A college drop-out with two DUIs, Krystal Kortz was galloping headlong down a bad path when a special horse entered her life and turned it around.
After 10 years of being horse free, I didn’t know what else to do. My life had taken so many wrong turns since I quit riding at the age of 18. I dropped out of college, started hanging out with bad influences and eventually ended up with two DUIs and loss of my license for three years. It seemed I was drifting through life with no purpose.
I was having reoccurring dreams about riding and realized it was my heart trying to tell me what to do. I ended up back on the farm where I grew up, my second home. At that point in time I didn’t have a particular horse to call my therapist. It was just being around them and their beauty that helped more than anything. I manged to stay out of trouble for two years and everything seemed to be falling in place. I was happier than I’d been in a long time — I actually felt like life was worth living again.
I moved out of town and started riding for a friend of mine. My first “job” was to take care of this little appaloosa after he was gelded. I instantly fell in love with him and three months later he was mine. He was the sweetest, most laid back horse I’d seen. He had such a personalty; he always knew how to make me smile. Life was good.
Four months later he started losing weight fast. The vet couldn’t figure out what was wrong so we took him to University of Tennessee vet school for an ultrasound. They found an abscess on his spleen but wasn’t sure what caused it. They told me the surgery would cost $3,000 to $5,000 and I almost passed out. I gave them the $2,000 I had saved to get my license back because I would rather save his life then be able to drive.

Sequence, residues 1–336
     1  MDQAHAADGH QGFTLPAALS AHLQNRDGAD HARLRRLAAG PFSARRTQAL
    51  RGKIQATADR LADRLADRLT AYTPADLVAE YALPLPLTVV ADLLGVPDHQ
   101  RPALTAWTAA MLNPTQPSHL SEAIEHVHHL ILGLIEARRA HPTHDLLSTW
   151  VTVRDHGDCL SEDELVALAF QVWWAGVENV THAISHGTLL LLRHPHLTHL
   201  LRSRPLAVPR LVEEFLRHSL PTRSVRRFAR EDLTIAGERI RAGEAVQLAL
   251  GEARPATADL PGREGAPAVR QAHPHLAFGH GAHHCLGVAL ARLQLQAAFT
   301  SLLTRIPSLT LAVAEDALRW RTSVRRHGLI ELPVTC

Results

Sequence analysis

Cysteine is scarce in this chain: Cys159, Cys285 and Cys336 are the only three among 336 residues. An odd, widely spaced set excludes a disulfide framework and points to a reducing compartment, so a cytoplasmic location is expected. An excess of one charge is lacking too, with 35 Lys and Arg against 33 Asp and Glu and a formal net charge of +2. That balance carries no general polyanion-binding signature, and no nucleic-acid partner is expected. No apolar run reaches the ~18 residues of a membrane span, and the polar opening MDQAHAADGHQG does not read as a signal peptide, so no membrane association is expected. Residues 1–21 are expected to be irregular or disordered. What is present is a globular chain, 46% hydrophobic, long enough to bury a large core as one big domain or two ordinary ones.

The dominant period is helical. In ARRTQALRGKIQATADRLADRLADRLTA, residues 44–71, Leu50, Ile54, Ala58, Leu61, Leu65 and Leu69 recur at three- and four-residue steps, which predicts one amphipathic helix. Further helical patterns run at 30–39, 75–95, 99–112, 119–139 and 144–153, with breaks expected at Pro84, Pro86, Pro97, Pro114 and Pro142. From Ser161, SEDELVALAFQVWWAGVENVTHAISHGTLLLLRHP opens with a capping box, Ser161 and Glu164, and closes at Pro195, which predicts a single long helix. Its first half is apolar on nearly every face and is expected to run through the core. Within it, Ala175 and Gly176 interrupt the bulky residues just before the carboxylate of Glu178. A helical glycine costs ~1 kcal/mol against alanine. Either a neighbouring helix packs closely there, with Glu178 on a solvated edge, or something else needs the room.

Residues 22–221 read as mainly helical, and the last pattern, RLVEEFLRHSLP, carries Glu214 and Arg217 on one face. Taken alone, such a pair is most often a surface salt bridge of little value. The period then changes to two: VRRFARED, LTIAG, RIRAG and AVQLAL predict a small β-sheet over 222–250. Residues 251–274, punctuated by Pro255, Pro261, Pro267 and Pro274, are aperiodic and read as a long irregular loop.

The vet school decided to go ahead and do the full surgery as a teaching experience. No one knew his chance of survival but that didn’t matter to me. They did x-rays and found a small piece of wire he must of swallowed. I was in shock when they told me. During the surgery they realized the abscess was much bigger than they thought, and they couldn’t remove the wire.
He came through like a trooper and was home within a week. I had to flush and drain this gigantic abscess on his belly twice a day and give him antibiotics three times a day. I was blessed with good friends who helped me get to the barn to take care of him. He was the best patient I could have asked for, never complained and always greeted me with love.
He seemed to be improving tremendously when I took him back two months later for a check-up. They did another ultrasound and opened him up again to check his progress. I still remember the look on the vet’s face when he told me it wouldn’t be fair to him to keep going. The abscess was much larger than they thought. The wire was trying to exit his body and took a devastating path through his organs, causing the abscess. I left the vet school alone, without my sweet Apache boy.
He showed me how to live life no matter what might be going on inside. I didn’t give up on horses after that, even though I wanted to. I just purchased a very handsome quarter horse/Arab cross whom I’m falling for more and more every day. He will never replace the majestic Apache, but he will help me continue my much needed equine therapy.
Go Back on Track, and Go Riding!